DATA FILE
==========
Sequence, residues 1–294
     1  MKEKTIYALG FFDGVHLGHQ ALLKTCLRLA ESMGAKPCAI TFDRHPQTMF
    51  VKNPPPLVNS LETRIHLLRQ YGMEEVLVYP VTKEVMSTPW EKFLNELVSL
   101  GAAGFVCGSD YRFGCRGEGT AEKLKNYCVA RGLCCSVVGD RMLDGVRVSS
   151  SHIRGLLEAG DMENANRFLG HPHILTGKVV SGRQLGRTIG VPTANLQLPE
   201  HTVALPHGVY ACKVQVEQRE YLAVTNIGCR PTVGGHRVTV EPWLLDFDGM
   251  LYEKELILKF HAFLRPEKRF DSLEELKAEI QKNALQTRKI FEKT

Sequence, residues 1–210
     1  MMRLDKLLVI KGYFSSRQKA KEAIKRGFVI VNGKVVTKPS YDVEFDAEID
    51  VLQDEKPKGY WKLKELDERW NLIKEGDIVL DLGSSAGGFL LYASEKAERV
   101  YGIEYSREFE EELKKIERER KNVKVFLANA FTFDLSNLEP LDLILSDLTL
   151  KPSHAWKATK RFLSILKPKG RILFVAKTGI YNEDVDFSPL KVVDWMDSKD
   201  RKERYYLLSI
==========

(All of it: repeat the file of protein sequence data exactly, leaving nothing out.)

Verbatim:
Sequence, residues 1–294
     1  MKEKTIYALG FFDGVHLGHQ ALLKTCLRLA ESMGAKPCAI TFDRHPQTMF
    51  VKNPPPLVNS LETRIHLLRQ YGMEEVLVYP VTKEVMSTPW EKFLNELVSL
   101  GAAGFVCGSD YRFGCRGEGT AEKLKNYCVA RGLCCSVVGD RMLDGVRVSS
   151  SHIRGLLEAG DMENANRFLG HPHILTGKVV SGRQLGRTIG VPTANLQLPE
   201  HTVALPHGVY ACKVQVEQRE YLAVTNIGCR PTVGGHRVTV EPWLLDFDGM
   251  LYEKELILKF HAFLRPEKRF DSLEELKAEI QKNALQTRKI FEKT

Sequence, residues 1–210
     1  MMRLDKLLVI KGYFSSRQKA KEAIKRGFVI VNGKVVTKPS YDVEFDAEID
    51  VLQDEKPKGY WKLKELDERW NLIKEGDIVL DLGSSAGGFL LYASEKAERV
   101  YGIEYSREFE EELKKIERER KNVKVFLANA FTFDLSNLEP LDLILSDLTL
   151  KPSHAWKATK RFLSILKPKG RILFVAKTGI YNEDVDFSPL KVVDWMDSKD
   201  RKERYYLLSI